Saturday, May 2, 2009

Impressed by First Impression

First thing first, just a quick post on my first impression of the Sanyo VPC HD2000.

My wife spent the Sunday trying out her new toy. I was pleasantly surprised by my wife's video shots since this is her first videocam and the videos look great. She took both indoors and outdoors shots (during the day) and output was clear and smooth. The video quality is definitely very good.

I shot some videos using super macro mode (that can go down to 1cm) on flowers and they look good and the auto focus picked the right subjects most of the time but in a few cases it focused on items in the near background. When closing in, you can see the focus changing and settling on the right subject. I tried the zoom but the result is shaky especially at the maximum end of the 10x optical zoom. This is the main weakness of the Sanyo, the unstable EIS. You'll need a tripod if you need to zoom with the Sanyo.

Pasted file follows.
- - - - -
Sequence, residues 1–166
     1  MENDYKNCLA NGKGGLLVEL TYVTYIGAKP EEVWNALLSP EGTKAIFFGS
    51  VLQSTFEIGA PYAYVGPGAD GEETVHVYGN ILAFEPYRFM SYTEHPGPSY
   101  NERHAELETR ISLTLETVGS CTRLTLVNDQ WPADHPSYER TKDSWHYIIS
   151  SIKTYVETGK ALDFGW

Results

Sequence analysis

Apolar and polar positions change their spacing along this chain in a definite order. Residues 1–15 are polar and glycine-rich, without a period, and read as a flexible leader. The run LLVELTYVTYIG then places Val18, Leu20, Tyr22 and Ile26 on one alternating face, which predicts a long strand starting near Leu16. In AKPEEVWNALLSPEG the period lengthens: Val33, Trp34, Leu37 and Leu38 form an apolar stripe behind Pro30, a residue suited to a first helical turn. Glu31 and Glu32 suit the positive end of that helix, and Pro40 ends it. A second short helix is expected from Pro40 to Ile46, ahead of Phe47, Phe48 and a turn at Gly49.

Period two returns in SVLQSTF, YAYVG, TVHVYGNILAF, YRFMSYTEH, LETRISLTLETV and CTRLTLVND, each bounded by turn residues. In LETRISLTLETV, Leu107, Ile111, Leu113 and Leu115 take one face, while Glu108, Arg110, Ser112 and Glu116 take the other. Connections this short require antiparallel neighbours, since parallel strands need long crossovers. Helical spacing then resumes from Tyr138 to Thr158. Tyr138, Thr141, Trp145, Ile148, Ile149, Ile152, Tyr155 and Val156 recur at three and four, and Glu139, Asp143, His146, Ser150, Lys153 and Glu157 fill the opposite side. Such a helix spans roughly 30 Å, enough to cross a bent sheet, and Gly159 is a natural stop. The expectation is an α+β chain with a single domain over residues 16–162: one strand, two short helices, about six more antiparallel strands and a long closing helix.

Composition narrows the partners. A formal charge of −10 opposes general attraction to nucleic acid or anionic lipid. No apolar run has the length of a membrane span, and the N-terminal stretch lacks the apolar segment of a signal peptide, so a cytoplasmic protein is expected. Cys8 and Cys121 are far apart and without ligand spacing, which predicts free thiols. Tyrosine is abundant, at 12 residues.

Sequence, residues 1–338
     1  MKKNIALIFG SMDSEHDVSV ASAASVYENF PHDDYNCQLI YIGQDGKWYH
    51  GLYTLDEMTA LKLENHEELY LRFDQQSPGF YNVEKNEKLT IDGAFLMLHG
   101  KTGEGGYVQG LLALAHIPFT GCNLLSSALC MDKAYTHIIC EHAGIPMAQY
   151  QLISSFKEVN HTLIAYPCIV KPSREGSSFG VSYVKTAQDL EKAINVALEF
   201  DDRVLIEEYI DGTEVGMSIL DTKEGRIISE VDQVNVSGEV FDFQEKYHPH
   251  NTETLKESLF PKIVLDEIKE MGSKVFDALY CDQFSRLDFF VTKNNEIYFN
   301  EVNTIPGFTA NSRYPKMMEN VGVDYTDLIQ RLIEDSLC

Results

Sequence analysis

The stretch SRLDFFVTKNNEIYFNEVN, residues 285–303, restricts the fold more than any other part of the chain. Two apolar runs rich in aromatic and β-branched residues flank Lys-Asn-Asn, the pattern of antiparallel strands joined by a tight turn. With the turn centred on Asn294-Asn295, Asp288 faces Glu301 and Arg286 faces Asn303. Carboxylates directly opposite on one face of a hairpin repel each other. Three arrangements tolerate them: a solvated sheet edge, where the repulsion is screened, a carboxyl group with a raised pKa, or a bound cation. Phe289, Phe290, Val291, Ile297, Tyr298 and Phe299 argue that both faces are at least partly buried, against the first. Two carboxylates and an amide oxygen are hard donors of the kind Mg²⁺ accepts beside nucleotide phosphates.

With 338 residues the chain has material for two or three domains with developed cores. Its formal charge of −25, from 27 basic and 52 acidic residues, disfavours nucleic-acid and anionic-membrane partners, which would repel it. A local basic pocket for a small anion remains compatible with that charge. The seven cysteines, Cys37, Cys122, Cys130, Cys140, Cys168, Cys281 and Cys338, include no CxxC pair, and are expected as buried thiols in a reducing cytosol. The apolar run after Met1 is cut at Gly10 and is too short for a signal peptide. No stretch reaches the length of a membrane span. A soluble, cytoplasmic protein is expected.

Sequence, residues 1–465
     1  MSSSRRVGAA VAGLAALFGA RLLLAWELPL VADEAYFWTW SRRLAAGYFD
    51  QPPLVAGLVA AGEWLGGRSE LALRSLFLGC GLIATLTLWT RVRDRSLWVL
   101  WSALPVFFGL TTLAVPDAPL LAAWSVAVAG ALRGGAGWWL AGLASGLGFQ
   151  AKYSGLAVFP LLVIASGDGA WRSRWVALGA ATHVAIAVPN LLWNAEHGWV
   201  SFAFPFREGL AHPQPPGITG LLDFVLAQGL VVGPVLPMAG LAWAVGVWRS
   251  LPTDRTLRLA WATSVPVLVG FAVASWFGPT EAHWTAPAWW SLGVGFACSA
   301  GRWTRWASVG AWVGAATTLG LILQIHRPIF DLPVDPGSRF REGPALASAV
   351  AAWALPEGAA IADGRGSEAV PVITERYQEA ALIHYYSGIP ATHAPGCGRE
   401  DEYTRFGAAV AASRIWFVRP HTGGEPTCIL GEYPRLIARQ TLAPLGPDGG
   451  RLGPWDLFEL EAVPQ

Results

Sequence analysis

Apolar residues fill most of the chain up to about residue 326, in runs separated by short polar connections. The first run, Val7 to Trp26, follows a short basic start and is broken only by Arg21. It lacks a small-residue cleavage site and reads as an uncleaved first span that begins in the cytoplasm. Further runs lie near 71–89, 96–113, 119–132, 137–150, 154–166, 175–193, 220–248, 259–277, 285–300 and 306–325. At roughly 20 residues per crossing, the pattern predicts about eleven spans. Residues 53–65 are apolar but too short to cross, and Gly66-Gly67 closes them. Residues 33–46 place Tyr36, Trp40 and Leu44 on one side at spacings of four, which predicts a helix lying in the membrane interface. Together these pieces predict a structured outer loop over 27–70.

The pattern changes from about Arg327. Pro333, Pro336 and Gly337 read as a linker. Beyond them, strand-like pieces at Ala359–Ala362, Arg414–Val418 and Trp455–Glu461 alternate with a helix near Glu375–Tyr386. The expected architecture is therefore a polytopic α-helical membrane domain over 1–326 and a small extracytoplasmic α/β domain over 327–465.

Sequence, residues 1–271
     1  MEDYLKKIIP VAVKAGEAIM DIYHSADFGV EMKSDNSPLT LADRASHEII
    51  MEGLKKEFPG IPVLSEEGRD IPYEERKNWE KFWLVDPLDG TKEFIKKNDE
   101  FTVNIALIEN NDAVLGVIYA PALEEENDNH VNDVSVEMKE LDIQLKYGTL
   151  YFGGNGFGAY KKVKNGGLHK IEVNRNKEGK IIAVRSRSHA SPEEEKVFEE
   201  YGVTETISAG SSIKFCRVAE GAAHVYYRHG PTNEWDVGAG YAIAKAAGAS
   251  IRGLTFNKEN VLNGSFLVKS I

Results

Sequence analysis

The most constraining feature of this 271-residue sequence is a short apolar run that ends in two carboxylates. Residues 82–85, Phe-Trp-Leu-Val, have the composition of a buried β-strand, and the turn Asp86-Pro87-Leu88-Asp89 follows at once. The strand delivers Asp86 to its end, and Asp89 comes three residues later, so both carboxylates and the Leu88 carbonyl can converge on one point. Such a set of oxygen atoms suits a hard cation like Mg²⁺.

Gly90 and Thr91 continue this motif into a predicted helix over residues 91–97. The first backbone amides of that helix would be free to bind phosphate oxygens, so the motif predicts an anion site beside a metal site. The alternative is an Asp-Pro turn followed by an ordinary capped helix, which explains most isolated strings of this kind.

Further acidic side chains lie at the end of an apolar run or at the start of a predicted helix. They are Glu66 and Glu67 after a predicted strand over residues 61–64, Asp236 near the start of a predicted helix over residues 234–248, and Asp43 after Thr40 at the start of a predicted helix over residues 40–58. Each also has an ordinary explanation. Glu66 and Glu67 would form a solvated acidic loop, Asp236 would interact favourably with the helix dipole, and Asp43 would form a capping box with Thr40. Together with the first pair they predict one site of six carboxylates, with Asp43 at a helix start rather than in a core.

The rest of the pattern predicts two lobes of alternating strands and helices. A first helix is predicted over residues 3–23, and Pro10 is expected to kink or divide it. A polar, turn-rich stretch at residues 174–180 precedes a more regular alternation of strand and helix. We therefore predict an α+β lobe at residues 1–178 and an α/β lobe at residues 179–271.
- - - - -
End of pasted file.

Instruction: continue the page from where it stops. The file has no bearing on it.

Color was very natural under normal daylight.

The built-in mic was very sensitive and the audio output was realistic and life-like with very little noise. During playback, I was transported back to the scene of the video.

When browsing at some of the forums, I saw a number of concerns on how the video will playback on TV because of the PAL/NTSC systems, the frame rates used and the different frequencies employed. Have no fear, I tried playback on both my analogue and digital TV and both were smooth with perfect audio sync. Of course, the quality of the videos depends on the quality of the TV used. I used the supplied S-AV cable to connect the Sanyo to my old CRT TV and the component cable to connect to my Sharp LCD TV. Also used a standard HDMI cable (not supplied) to connect the Sanyo to the Sharp LCD TV. BTW, all connections are via the docking station as shown below.